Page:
Cooler Size for Elk

Sewall

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Jun 21, 2016
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Newbie just wondering what is the best cooler size for a quartered elk. Looking to invest in one large cooler or maybe two smaller coolers that will hold an elk. Thanks!


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archer wapiti

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Are you driving cross-country with it or just within 5 - 6 hours? I don't even fit all my meat in the cooler, but I'm driving 5 - 6 hours. It hangs in the woods and cools overnight and doesn't heat up if it's in the shade. Getting that last load from the trail into the vehicle and maybe covering it with a sleeping bag is sufficient.
I'm sure some of the cross-country drivers will be able to help you more on how much capacity you'll need if you need to fit it all in with ice.
 
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Sewall

Sewall

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Jun 21, 2016
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Are you driving cross-country with it or just within 5 - 6 hours? I don't even fit all my meat in the cooler, but I'm driving 5 - 6 hours. It hangs in the woods and cools overnight and doesn't heat up if it's in the shade. Getting that last load from the trail into the vehicle and maybe covering it with a sleeping bag is sufficient.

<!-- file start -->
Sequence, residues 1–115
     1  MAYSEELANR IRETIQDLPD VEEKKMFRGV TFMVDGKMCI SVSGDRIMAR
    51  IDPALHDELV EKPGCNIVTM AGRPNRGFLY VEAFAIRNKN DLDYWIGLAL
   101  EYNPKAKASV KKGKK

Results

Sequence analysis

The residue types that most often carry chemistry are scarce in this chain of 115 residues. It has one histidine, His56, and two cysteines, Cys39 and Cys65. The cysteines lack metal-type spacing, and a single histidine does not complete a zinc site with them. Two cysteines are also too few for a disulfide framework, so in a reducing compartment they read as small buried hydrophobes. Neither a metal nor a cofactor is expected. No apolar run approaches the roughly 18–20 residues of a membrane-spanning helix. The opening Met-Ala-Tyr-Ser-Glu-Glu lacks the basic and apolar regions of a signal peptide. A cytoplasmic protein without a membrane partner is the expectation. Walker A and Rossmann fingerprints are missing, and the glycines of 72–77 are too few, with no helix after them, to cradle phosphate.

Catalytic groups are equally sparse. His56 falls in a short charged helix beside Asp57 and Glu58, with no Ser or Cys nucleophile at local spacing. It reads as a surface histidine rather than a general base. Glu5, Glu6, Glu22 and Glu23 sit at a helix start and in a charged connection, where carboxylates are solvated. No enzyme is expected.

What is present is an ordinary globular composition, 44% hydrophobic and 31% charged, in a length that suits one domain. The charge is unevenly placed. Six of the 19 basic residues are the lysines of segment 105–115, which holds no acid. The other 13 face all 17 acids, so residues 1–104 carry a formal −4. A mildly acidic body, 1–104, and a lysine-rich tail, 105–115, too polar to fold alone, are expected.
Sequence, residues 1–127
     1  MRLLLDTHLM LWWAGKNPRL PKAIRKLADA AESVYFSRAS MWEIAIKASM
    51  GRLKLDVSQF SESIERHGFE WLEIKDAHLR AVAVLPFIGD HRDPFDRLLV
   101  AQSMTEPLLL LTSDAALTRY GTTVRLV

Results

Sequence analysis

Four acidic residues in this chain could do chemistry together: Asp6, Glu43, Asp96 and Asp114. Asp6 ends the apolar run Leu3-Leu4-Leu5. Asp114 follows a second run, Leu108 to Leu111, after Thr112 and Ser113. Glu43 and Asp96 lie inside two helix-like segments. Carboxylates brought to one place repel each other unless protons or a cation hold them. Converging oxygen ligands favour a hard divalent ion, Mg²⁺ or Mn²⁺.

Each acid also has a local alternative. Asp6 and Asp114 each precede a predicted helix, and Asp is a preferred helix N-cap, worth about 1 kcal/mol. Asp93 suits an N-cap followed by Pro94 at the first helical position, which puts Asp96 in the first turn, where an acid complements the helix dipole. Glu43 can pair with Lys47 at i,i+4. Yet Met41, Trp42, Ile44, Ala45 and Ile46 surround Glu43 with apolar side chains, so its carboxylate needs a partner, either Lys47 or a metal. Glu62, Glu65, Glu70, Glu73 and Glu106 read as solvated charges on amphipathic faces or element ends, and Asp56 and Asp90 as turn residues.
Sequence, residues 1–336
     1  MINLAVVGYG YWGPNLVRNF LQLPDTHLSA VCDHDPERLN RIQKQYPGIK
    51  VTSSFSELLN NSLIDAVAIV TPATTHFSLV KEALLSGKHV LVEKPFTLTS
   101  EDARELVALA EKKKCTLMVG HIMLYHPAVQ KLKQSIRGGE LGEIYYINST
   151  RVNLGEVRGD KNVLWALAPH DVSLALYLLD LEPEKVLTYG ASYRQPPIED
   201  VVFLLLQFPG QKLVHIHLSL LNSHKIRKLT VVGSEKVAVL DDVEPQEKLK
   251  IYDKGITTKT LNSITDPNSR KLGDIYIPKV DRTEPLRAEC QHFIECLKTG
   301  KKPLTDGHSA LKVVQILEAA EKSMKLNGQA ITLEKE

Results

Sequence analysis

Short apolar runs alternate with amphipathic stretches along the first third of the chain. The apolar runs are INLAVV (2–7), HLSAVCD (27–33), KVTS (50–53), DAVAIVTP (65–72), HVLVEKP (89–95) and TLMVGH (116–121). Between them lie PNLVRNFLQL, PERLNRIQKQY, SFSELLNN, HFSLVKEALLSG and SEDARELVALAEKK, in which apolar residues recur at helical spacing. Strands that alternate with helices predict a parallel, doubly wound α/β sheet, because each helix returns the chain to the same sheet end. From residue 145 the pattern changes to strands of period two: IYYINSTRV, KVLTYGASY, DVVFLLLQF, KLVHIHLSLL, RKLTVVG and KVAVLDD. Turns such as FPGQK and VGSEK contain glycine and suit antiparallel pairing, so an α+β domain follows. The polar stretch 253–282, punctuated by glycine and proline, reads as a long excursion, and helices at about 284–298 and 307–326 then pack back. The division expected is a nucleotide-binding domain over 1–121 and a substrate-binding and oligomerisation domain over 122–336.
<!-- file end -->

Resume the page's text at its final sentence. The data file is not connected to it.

I'm sure some of the cross-country drivers will be able to help you more on how much capacity you'll need if you need to fit it all in with ice.

I'll be traveling about 7 hours but I will be with others so it would possibly sit in the cooler at the truck if I kill one early.


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full choke

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Last year, a guy in our elk camp shot a spike bull 10 minutes into opening morning. He quartered it (bone in) and packed it back to camp. We stored the four quarters and the extra meat bag in one of these cooler/totes for five more days before he headed home. Everything fit with the lid closed. He rotated the quarters daily and repacked the ice. This was the PB11 model (half a full size tote size). I don't know if that is the info you were looking for? Also- with the lid on, one of these fit inside my Toyota Tacoma with a cab height canopy

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dah605

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I used a 110qt and a 65qt cooler to haul back processed elk meat from Montana to Pennsylvania. It left enough room for dry ice on the top. I went the dry ice route since the meat was frozen--the top half was by the time I got home.

-David
 

Brendan

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I've used a Yeti Tundra 160. It will keep ice for two weeks no problem driving from the east coast. But - bone out a bull, and then there's not quite enough room in the cooler for the meat and enough ice to get it cooled down quickly. It would certainly work for a processed / packaged bull though if frozen.

I now bring a cheaper 60qt (or two) that are full of dry goods, spare gear, my mountain house/backpacking food and spares on the way out. If I get something - I split the meat and ice between the Yeti and one other cooler.